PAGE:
Sandbagged!

Sandbagged!
Photograph by Steve Barnett

Friday, 24 August 2012

Intervention...again...


Rightly or wrongly your faithful correspondent has been interfering with Nature again.  The only defence is that the injury to this English fish is NOT natural.  The perpetrator was an alien species to these islands and just because this alien is feathered, very beautiful in appearance, can be watched with binoculars and ticked off in some birdspotting book, it is deemed acceptable for this native species to be injured in this way (on both sides of its body).

The hole where the hooked sawbill has dug right through the skin and flesh almost to the stomach cavity is particularly severe.  Nevertheless, the fish was feeding hard (it damn well needs to now), so was easily tricked by the PPS .  A good dribble of Nash Medicarp Ultra on both sides, making sure there was a particularly thick coating on the deep cut, and this wild brown trout with the "lucky" genes was soon on its way back to take its chances, which, hopefully, might have been improved after its encounter tonight with another predator, Homo sapiens sapiens (the "innocent" predator).



Medicarp Ultra isn't too expensive if you think you too might like to intervene...














Regular Rod

8 comments:

  1. In a modern world of fishing there are some bonuses !!! No many!! But this is surely one of them...
    Thanks
    Glen

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  2. I'm with you on this RR - we have the same problem in South Wales :( You're doing a good job & despite what some may think I don't see this as interfering at all. I think i'll have to invest in some of this stuff - where can we get it from?

    Bendino

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    Replies
    1. Good on you for wanting to give it a go Bendino!

      Telephone round your local coarse fishing shops, especially those that cater for the carp anglers. Ask for Nash Endgame Medicarp Ultra preferably in the dropper bottle not the flip top lidded bottle (the lid gets in the way). It's about £7 a bottle and lasts a long time as a little goes a long way. It's an antiseptic gel that makes an instant coating on wounds and helps the repair process get underway a little quicker than Nature alone. Also it reduces the chances of infection or parasite infestation on the wound(s).

      There are other products but I like this one best as it is a gel instead of a thin liquid that has to be applied with cotton buds (fancy trying to keep cotton buds in a sanitary condition whilst out fishing). The dropper bottle method is quick and clean, whilst it takes up no more room than a bottle of floatant.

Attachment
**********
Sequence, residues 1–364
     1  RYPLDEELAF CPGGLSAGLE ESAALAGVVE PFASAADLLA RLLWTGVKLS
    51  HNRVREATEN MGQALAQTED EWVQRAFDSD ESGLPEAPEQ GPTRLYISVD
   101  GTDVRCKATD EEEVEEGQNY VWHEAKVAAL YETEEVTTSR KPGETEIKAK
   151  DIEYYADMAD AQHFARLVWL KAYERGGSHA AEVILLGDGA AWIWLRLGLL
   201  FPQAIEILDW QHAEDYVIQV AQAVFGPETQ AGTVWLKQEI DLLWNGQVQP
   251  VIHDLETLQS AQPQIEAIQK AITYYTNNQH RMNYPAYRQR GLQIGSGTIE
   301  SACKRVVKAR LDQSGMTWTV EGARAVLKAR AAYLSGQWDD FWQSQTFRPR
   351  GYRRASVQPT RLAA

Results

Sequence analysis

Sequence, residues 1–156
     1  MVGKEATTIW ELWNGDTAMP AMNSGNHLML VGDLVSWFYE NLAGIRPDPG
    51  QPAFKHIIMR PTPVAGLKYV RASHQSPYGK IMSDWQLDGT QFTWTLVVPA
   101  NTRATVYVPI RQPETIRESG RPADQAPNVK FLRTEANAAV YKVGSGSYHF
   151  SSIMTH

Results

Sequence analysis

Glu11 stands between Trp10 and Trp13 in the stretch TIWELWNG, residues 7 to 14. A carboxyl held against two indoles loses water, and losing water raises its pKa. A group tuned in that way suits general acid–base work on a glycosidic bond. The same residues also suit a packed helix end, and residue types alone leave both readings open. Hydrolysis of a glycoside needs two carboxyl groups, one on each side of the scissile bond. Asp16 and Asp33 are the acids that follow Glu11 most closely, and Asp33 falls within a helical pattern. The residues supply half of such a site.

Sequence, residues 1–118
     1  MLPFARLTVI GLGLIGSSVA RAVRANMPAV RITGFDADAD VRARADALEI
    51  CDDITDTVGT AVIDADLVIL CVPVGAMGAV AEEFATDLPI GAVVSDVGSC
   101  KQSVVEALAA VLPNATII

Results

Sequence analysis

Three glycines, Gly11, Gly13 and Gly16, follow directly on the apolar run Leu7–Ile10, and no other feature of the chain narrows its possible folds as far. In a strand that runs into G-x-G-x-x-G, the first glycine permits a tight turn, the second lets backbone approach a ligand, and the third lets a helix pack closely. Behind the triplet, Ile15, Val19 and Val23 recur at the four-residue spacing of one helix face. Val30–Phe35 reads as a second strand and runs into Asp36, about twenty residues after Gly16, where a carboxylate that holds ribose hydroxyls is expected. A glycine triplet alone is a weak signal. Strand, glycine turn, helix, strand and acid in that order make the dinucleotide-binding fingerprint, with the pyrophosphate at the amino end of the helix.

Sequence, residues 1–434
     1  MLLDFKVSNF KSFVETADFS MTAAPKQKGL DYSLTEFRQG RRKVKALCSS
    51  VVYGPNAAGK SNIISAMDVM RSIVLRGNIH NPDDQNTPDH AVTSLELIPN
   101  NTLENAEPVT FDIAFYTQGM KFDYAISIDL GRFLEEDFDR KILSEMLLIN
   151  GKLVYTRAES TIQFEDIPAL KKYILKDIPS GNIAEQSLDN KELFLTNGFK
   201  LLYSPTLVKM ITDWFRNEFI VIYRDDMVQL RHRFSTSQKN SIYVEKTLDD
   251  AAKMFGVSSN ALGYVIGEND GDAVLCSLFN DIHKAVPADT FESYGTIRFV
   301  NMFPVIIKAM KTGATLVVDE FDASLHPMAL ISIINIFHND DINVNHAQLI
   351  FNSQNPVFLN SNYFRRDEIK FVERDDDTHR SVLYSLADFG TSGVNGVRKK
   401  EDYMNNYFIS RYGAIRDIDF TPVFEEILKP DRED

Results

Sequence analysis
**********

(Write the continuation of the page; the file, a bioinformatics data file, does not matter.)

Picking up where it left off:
Best wishes

      Regular Rod

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  3. If I had known this stuff was available, there are many times I would have tried it. I guess next we'll be fishing without hooks on our flies.

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  4. Nature at times can be nasty.

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  5. I have been enjoying your anecdotal riverside observations and experiences for some months now and whilst I was almost tempted to comment on the matter of another 'alien species'(Himalayan Balsam), highlighted a while back, I eventually refrained as I decided it would have been impossible to discuss that particularly vile ‘invader’ without exceeding my word limit!

    However, I feel obliged to disagree with you regarding your description of the 'perpetrator' in this sorry incident; even as someone who prides himself on having an appreciation for beauty across a wide spectrum If the culprit is, indeed, the species which I think you are referring to, I have always regarded its appearance as unattractive and almost reptillian-like (not to mention sinister).

    Whatever one's view on the visual aesthetics of the Cormorant, it is Man's ongoing interference in Nature on an altogether grander scale than the occasional (beneficial) application of some proprietary fish medication, that is to blame for this resulting threat from which our precious stocks of wild trout now face.


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    Replies
    1. You might be right about this but I suspect the culprit was a Goosander...

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    2. RR,

      Having since spoken with my ornithologist brother, I would concur on your suspicion. And yes, it goes without saying that Gooseanders are quite a stunning looking bird, despite their 'alien' status; although one could argue that their long residency almost makes them indigenous.

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